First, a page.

(A True Story by John Wesley - Founder of the Methodist Church)
John Wesley (1703-1791) founder of the Methodist Church was convinced that all the world needed to hear the good news of Christ's salvation. Instead of confining himself to the churches, John believed his call was to travel from place to place and reach the working class people. His travels took him over 250,000 miles (when travel was by horseback or walking) he preached the gospel in the market places or any place a crowd would hear him. His contribution to the gospel cause included being a pioneer in the publication of a monthly magazine and the invention of the gospel tract in evangelism.
In his personal diary of October 23, 1739 he records this personal and true story: At eleven I preached at Brarfield to about three thousand, on the spirit of nature, of bondage, and of adoption. Returning in the evening, I was exceedingly pressed to go back to a young woman in Kingswood... I went. She was nineteen or twenty years old; but, it seems, could not write or read. I found her on the bed, two or three persons holding her. It was a terrible sight. The thousands of distortions of her whole body showed how the dogs of hell were gnawing her heart. The shrieks intermixed were scarce to be endured. But her stony eyes would not weep. She screamed out, as soon as words could find their way, "I am damned, damned; lost forever! Six days ago you might have helped me. But it is past. I am the devil's now. I have given myself to him. His I am. Him I must serve. With him I must go to hell. I will be his. I will serve him. I will go with him to hell. I cannot be saved. I will not be saved. I must, I will, I will be damned!" She then began praying to the devil. We began: "Arm of the Lord, awake, awake!" She immediately sunk down asleep; but as soon as we left off, broke out again, with inexpressible vehemence: "Stony hearts, break! I am warning to you. Break, break, poor stony hearts! Will you not break? What can be done for stony hearts? I am damned that you may be saved. Now break, now break, poor stony hearts! You need not be damned, though I must." She then fixed her eyes on the corner of the ceiling, and said: "There he is: ay, there he is! Come, good devil, come! Take me away. You said you would dash my brains out: come do it quickly. I am yours. I will be yours. Come just now, Take me away."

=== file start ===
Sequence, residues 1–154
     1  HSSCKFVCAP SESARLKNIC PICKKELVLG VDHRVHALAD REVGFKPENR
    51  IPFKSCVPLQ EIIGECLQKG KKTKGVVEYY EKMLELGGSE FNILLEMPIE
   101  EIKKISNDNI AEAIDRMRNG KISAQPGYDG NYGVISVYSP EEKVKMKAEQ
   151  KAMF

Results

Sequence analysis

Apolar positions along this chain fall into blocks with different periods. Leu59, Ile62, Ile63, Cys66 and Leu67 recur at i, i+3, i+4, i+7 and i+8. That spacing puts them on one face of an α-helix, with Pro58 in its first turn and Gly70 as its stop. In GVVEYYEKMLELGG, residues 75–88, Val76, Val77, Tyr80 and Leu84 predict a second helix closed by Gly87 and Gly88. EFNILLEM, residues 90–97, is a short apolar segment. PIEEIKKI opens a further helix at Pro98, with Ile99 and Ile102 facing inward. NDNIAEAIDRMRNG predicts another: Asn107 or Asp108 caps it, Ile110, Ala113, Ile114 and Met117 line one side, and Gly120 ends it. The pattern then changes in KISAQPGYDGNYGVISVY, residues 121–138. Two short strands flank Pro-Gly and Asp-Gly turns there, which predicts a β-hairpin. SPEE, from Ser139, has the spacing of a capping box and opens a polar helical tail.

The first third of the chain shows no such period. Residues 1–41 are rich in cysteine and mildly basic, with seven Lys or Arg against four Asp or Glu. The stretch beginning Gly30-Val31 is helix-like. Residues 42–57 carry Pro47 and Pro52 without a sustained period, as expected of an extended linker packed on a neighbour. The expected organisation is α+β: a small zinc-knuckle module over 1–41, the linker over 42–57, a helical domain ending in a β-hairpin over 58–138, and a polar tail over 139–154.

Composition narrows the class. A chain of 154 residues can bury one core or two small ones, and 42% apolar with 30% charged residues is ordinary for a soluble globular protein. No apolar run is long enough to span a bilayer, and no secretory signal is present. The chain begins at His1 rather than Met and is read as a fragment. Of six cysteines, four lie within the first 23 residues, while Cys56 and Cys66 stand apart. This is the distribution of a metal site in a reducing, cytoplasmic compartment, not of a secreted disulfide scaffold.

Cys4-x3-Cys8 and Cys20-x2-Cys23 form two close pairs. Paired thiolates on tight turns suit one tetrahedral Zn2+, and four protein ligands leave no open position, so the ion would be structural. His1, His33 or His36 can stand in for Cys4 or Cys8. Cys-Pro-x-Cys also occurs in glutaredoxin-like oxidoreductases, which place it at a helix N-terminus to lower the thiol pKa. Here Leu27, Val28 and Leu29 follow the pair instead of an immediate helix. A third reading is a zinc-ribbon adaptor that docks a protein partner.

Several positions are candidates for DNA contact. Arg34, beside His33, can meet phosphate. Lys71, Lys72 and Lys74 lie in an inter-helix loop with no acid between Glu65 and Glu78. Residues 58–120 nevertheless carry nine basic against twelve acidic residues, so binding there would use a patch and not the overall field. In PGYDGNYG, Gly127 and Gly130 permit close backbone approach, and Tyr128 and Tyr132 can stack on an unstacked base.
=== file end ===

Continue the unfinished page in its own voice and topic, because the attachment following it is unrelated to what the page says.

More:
We interrupted her by calling upon God: on which she sunk down as before: and another young woman began to roar out as loud as she had done. My brother (Charles Wesley) now came in, it being about nine o'clock. We continued in prayer till past eleven; when God in a moment spoke peace into the soul, first of the tormented, and then of the other. And they both joined in singing praise to Him who had "stilled the enemy and the avenger."
My friend, if John and Charles Wesley could pray until they saw the demons of hell leave the tormented persons, then why do we think things are different today? God has called us (through Jesus Christ) to repent (have a change of heart and mind) and turn to Him for the forgiveness of our sins and the eternal life that He offers. Will you make a decision to follow Christ today?
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